When I changed the clocks last month, I also took part in Earth Hour. For the hour, I turned off all unnecessary power in my home. It was good to see landmarks across the city like the Cathedral, and many people across the country, doing the same in a show of support for our planet.
Last weekend saw the UN publish its report on how to tackle climate change. It showed that if nothing is done, world temperatures are likely to rise between 3.7C and 4.8C by 2100, and would have unknown consequences for future generations. The report also showed that about half of all the carbon that humans have pumped into our atmosphere since 1750 has occurred in the last 40 years.
The report emphasises the need to move away from a reliance on coal, gas and oil and towards renewable energy, nuclear (although personally I oppose nuclear) and carbon capture. The report also goes on to say that we need to look at reducing world emissions by up to 70% of the levels they were in 2010 just to keep the temperature rise below two degrees. In order to try to combat climate change, investment in renewable energy is vital.
Wind farms – very much a dirty phrase around Lincolnshire (much to my own disappointment) — are one renewable option. However, harnessing wind technology is nothing new in the UK. Windmills were built and used to help men grind flour, to help with drainage, and in many other industrial activities. Here in Lincoln, we have the wonderful Ellis Mill sat on top of the Lincoln Ridge. Ellis Mill is the only surviving mill of nine that used to sit along the edge of the ridge. Windmills started to decline with the age of steam in the mid 19th century and many mills closed, fell into ruin or were demolished.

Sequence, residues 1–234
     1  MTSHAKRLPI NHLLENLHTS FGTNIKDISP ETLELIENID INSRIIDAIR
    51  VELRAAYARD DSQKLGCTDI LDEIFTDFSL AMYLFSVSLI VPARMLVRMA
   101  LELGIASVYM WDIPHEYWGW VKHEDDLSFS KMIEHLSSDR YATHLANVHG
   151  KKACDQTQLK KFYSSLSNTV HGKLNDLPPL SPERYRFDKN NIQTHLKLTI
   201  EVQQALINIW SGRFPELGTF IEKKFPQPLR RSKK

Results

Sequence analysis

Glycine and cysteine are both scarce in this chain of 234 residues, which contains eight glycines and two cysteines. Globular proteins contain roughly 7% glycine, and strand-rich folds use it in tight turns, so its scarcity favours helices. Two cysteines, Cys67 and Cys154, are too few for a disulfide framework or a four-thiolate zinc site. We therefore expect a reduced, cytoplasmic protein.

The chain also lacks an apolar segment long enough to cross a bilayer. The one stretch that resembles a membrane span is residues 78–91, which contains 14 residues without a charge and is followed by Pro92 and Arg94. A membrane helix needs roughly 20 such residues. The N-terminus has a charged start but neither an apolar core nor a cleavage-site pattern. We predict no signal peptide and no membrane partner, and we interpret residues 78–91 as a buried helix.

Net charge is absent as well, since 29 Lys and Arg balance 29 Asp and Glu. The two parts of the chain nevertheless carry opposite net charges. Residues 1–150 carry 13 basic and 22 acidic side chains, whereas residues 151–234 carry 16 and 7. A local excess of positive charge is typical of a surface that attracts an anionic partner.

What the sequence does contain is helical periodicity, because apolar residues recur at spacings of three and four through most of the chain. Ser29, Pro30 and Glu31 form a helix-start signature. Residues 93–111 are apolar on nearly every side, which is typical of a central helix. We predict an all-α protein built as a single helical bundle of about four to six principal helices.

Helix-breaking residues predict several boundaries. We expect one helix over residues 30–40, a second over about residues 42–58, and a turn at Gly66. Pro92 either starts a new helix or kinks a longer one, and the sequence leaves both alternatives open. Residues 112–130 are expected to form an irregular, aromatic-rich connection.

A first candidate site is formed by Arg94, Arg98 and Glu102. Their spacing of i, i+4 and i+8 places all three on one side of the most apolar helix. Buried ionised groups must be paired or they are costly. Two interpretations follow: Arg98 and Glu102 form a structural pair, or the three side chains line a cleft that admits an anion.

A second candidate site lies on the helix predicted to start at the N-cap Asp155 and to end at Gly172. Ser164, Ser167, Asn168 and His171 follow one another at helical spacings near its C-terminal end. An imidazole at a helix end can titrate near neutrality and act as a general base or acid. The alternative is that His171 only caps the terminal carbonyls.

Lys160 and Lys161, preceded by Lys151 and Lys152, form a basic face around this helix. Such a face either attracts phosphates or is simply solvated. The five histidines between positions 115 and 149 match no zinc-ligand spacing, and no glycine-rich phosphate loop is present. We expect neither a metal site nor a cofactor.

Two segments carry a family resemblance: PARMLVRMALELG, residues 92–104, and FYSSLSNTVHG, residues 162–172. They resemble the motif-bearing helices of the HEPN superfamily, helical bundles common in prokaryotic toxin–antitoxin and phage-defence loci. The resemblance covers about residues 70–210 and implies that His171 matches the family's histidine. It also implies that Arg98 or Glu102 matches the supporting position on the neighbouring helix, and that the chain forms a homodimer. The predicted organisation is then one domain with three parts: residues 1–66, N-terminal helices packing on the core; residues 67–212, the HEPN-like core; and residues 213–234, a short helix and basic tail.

So what is different about today’s mills to those like Ellis Mill? Very little in principle: they have grown in size and stature, but the fundamental idea is the same. With the UK having an estimated 33% of Europe’s offshore wind capacity, wind turbines have a vital role to play in the future of our energy production and energy security.
Solar energy is also another renewable technology that we should be taking advantage of, and the granting of planning permission for 196,000 solar panels at the old RAF Faldingworth base is a huge step in the right direction, and will power around 12,000 homes. I have also been pleased to see an increase in the number of Lincoln residents with solar panels on their roofs, which undoubtedly reduces both their energy bills and their impact on the environment.
Our country also has a vast untapped potential for tidal and wave power, technologies which, although very early in development, would be another way for us to reduce our emissions.
I feel we need to develop a sensible and balanced energy policy, incorporating renewables and reducing our reliance on coal and gas. With our solid fuel reserves running low and our own North Sea Gas having its limits, without changes we would rely even more heavily on unstable areas of the world for our fuel such as Russia, who at the end of last week said they would look at cutting the gas supply through Ukraine – which would have further implications for western Europe.
Combating climate change is something the Liberal Democrats are committed to. Investment in renewables is needed to reduce our carbon emissions but also to take control of our own energy supplies and to leave our planet fit for our grandchildren and future generations to inhabit.